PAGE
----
Monday, March 17, 2008

ICRC Report Refocuses Attention on Humanitarian Crisis in Iraq

Geneva (ICRC) – Five years after the outbreak of the war in Iraq, the humanitarian situation in most of the country is among the most critical in the world, the International Committee of the Red Cross (ICRC) said in a report issued today.

Because of the conflict, millions of Iraqis have insufficient access to clean water, sanitation and health care. The current crisis is exacerbated by the lasting effects of previous armed conflicts and years of sanctions.

“Better security in some parts of Iraq must not distract attention from the continuing plight of millions of people who have essentially been left to their own devices,” said Béatrice Mégevand Roggo, the ICRC’s head of operations for the Middle East and North Africa. “Among them are displaced and refugee families, and those who have returned to their homes, children, elderly people, disabled people, households headed by women and families of detainees.”

Although security has improved in some parts of the country, Iraqis continue to be killed or injured on a daily basis in fighting and attacks. Civilians are often deliberately targeted, in complete disregard for the rules of international humanitarian law. In many families there is at least one person who is sick, injured, missing or detained, or who has been forced to flee from home and live far away.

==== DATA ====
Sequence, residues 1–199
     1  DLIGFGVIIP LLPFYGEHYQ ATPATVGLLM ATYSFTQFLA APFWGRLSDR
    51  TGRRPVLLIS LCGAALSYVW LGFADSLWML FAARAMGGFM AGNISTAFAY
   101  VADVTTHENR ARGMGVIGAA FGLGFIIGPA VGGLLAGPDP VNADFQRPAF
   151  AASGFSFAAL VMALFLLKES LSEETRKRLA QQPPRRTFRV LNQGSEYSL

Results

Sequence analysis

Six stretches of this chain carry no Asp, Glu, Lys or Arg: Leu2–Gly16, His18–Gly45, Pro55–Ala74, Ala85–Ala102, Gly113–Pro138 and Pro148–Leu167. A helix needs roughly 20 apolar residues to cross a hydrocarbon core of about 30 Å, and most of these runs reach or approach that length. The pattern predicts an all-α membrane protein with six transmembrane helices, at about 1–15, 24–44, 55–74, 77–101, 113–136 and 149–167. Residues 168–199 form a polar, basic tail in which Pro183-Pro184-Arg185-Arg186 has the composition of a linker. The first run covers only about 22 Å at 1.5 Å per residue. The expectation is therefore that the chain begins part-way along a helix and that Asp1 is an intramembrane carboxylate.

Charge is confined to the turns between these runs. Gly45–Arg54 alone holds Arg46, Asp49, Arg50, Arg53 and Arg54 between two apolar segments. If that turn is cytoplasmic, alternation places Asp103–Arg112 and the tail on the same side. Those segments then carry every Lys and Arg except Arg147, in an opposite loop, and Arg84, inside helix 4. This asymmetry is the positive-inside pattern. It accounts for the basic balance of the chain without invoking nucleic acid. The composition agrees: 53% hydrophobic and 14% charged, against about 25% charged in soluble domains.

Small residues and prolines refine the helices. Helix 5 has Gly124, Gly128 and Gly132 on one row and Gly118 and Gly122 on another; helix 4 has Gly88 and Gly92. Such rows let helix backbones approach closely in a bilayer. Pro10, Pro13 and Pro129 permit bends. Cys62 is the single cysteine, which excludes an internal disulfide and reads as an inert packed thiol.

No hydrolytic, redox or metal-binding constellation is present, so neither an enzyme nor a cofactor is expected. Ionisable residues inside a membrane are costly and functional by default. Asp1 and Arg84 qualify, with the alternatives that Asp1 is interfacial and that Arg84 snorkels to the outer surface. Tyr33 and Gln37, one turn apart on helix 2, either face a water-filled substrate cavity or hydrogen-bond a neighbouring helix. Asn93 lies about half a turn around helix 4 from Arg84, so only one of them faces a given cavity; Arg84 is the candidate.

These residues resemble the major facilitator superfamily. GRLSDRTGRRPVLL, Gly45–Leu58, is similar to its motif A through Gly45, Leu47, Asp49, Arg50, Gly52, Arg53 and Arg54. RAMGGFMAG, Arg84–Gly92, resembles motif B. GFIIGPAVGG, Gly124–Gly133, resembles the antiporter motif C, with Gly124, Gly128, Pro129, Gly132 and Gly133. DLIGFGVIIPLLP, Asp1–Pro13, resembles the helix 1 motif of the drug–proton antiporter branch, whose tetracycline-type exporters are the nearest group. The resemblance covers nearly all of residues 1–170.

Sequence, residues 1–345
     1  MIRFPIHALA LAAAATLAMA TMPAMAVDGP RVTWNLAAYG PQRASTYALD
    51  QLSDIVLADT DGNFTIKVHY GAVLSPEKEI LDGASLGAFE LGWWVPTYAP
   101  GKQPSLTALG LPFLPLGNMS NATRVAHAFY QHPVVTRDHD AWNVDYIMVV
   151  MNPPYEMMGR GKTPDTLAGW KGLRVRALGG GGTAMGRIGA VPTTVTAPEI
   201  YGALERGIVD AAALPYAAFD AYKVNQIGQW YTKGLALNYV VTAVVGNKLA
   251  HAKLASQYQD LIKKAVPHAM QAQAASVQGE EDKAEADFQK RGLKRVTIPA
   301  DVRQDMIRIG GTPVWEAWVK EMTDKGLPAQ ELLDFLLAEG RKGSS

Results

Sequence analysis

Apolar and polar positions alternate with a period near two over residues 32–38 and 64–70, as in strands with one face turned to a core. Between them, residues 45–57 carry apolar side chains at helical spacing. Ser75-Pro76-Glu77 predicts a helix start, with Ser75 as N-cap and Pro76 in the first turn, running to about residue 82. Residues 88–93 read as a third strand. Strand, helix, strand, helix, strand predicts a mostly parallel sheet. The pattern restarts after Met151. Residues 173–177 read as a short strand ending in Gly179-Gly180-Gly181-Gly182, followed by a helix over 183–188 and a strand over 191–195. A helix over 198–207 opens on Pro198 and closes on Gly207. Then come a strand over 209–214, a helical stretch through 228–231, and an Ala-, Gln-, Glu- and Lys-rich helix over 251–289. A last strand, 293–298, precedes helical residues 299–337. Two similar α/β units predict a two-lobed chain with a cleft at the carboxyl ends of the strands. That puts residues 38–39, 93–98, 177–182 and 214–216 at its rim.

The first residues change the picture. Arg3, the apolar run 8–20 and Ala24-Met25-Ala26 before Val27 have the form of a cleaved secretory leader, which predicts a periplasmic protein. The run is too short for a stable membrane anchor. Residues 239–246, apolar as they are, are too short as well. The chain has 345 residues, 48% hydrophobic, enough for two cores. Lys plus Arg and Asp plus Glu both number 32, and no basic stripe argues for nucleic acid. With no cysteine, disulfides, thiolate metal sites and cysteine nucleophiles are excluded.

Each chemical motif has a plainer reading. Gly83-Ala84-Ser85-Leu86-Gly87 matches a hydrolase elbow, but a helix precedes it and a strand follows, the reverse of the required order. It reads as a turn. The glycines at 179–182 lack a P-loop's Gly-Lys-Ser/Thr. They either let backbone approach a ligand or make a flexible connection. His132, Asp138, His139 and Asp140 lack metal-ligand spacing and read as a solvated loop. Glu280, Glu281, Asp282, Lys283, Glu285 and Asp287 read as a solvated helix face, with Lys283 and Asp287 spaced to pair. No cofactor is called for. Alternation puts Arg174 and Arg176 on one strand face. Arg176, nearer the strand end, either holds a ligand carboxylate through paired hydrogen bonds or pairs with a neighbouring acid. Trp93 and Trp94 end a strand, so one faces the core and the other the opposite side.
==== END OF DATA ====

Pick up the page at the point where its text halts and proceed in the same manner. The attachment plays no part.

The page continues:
Health care, water and sanitation services and electricity supplies remain largely inadequate. Hospitals lack qualified staff and basic drugs, and therefore struggle to provide suitable care for the injured. Many health-care facilities have not been properly maintained, and the care they provide is often too expensive for ordinary Iraqis.

The water supply has continued to deteriorate over the past year. Millions of people have been forced to rely on insufficient supplies of poor-quality water as water and sewage systems suffer from a lack of maintenance and a shortage of engineers.

The full report (pdf) can be downloaded here